In addition, the literature suggests that for complex surgical procedures, simulation outside the operating theatre in specially equipped training facilities, such as animal or surgical skills laboratories, may improve the performance- or proficiency-gain curve [1113]. Traditional and innovative simulation-based training methods that encompass both surgical tasks and skills without risk to patients should be considered when establishing a training programme.

Knowledge Development

Before implementing a new technique or technology, it is essential for the surgeon to gain basic knowledge of appropriate patient selection and indications, proper pre-operative preparation, patient positioning and trocar placement, types of complications and their management, as well as to understand the new devices and equipment. Trainees should be fully aware of procedural steps for a new technique.

In this regard, the manufacturer of the da Vinci robotic surgical system has established training centers worldwide to provide an introduction to the robotic surgical system and preparation for its use, as basic product training before clinical training. Thus, trainees have the opportunity to acquire knowledge and understanding of the technology, devices, basic functions and limitations of the system.

Structured Inanimate Skills Tasks

Inanimate models (box trainers) are available for minimal access surgery, and can be helpful to trainees. An inherent problem with training on these models, however, is that the training is heavily dependent on the trainee. Unless a mentor is available to monitor a given trainee’s progress on an inanimate trainer, which is usually not the case, the trainees are left to assess their own surgical skills, and overestimation of skill acquisition is likely.

Virtual Reality Simulator

A virtual reality (VR) simulator is a useful training tool, particularly for minimal access surgical techniques and robotic surgery. It has now been proven with level 1 evidence that VR simulation-based training can improve operating room performance among surgical residents who are preparing for laparoscopic cholecystectomy [14]. In contrast to the inanimate trainer, a VR simulator provides a computer-based platform with artificially generated virtual environments. It can also provide a virtual instructor and apply standardized metrics to assess performance and identify errors and areas of improvement to promote proficiency.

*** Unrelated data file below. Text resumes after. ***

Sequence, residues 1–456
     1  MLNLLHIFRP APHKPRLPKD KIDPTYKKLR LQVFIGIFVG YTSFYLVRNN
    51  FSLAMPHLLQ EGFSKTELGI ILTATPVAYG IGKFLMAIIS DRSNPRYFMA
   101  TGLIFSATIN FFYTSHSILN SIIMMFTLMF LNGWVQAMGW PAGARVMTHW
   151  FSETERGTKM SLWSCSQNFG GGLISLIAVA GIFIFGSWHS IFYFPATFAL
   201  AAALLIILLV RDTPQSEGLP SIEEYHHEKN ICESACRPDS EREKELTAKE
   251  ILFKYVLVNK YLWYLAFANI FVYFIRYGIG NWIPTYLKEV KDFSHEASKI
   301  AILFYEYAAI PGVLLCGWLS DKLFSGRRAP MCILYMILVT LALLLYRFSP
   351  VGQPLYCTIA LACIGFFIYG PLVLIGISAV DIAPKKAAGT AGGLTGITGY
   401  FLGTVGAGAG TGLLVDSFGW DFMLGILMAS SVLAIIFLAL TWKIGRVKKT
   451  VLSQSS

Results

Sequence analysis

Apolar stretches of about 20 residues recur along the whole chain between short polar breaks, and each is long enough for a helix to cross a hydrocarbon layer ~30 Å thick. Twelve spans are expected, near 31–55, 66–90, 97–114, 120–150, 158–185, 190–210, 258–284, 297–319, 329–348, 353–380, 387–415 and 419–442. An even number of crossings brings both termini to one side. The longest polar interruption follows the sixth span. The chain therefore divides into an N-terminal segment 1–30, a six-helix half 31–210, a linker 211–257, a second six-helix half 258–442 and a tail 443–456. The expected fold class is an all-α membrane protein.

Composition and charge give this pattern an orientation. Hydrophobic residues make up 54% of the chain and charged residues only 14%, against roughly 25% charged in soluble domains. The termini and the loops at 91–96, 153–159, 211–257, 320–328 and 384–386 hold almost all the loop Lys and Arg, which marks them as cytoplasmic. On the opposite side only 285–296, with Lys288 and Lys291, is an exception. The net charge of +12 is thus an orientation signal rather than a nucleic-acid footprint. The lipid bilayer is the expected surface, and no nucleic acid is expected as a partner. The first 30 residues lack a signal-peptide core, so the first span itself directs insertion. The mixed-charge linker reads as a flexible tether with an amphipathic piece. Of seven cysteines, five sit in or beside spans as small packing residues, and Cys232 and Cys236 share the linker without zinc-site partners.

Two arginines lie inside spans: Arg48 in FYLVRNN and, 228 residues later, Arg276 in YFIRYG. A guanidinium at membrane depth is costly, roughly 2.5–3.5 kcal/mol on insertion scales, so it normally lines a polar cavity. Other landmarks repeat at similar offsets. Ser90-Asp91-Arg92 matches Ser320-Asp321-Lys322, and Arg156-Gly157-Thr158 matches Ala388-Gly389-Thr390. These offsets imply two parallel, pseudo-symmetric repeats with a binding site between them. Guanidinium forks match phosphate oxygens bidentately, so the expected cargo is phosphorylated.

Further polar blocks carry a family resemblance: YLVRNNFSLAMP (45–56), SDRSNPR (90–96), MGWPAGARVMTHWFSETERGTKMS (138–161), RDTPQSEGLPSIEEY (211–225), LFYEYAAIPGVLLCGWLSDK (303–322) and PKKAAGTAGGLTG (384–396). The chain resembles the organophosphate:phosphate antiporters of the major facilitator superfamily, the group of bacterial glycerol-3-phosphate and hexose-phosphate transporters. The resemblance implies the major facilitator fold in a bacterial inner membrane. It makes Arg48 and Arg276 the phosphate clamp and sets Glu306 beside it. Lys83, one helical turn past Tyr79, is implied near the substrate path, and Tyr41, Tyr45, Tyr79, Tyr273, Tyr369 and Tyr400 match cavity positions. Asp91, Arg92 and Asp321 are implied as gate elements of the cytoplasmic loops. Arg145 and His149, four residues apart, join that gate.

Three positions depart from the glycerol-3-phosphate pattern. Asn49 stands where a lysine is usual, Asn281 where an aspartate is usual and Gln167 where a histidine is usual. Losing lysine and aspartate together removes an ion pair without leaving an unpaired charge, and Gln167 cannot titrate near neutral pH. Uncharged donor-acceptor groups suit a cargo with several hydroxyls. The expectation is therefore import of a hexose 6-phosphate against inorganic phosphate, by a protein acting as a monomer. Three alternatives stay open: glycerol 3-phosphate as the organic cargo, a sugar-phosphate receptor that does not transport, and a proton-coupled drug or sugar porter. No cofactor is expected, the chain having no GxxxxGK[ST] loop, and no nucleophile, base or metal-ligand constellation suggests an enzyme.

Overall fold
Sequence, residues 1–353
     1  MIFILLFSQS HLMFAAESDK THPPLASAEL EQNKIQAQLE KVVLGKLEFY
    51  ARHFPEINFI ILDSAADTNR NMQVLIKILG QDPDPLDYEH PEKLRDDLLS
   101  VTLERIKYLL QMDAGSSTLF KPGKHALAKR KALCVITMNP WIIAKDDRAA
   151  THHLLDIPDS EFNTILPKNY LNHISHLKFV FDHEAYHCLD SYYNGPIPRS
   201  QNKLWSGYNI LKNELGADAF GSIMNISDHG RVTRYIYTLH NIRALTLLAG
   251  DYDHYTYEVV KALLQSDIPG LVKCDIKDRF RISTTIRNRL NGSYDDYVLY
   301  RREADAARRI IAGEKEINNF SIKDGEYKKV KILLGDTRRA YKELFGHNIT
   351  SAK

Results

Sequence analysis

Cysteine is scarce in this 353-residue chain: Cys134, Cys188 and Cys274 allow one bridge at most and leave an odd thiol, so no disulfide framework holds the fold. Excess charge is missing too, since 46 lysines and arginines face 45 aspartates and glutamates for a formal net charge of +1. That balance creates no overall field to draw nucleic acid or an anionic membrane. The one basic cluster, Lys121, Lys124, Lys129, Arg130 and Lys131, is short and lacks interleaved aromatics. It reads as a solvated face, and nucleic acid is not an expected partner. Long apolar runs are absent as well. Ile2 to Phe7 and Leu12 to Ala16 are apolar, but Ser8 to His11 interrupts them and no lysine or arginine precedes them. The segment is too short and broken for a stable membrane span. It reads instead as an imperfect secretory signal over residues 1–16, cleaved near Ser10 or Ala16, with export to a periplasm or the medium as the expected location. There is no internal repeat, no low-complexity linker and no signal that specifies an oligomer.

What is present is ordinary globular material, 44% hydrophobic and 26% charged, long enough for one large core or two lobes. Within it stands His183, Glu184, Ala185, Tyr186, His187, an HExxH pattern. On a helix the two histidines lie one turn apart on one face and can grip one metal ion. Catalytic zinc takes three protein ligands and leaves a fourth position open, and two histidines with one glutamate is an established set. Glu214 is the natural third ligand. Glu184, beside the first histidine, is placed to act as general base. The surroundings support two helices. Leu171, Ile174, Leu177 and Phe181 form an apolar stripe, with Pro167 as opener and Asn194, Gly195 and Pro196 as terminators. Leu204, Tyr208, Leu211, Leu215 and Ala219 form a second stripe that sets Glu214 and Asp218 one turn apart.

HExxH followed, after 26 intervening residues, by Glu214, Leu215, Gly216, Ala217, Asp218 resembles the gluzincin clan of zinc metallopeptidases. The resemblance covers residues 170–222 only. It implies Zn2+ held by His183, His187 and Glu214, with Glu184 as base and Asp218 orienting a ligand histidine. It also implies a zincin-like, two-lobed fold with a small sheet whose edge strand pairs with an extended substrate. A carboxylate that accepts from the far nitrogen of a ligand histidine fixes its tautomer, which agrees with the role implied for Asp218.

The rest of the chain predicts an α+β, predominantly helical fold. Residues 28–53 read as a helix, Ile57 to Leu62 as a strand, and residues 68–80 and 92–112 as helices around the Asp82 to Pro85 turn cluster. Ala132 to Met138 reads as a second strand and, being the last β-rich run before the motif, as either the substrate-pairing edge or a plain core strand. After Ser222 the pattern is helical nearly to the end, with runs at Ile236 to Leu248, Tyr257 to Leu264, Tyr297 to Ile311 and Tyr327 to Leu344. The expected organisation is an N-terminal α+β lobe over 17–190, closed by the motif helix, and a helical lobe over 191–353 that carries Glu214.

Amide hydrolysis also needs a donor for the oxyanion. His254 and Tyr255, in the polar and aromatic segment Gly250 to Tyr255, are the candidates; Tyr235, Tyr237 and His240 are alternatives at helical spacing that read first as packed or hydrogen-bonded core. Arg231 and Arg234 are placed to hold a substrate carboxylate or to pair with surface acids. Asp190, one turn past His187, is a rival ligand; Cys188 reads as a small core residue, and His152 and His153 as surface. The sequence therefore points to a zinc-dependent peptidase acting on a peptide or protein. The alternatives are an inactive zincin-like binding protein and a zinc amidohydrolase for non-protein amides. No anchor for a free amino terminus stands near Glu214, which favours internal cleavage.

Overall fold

A number of factors in the current surgical environment have prompted the development of simulators. Concerns about operative times and economic issues can limit a surgical trainee’s experience in the operating room, and having the novice surgeon achieve a certain level of competency before participating in actual operating room procedures has been proposed as method of improving efficiency and safety in the operating room [1517]. Other issues surrounding surgical training include medico-legal concerns, limits to the number of work hours permitted for trainees, and ethical considerations related to a trainee learning basic skills on humans and animals [18]. Since developments in computer technology have now led to the introduction of VR simulators that allow standardized and objective training and evaluation of surgical skills, many of these issues can potentially be avoided [19].

Robotic surgical training presents some unique challenges in comparison to laparoscopic training. While good hand-eye-coordination is necessary for laparoscopic surgery, robotic techniques require different skills involving foot-hand-eye coordination in order for the surgeon to manage the robotic console. Dry laboratory practice with robotic instruments for exercise of these psychomotor skills requires the purchase of a separate robot system for training purposes. Robotic surgical training with a live animal model or a fresh frozen cadaver is generally too expensive for regular training practice. Furthermore, traditional supervised interventions on patients are potentially hazardous during robotic surgical training. During conventional laparoscopic surgery, the mentoring surgeon is adjacent to the trainee, has the same view of the procedure, and can take over at any given moment where patient safety may be compromised. However, as only one surgeon can be at an operating console (although some alternatives are discussed below), this is usually not the case in robotic procedures [20].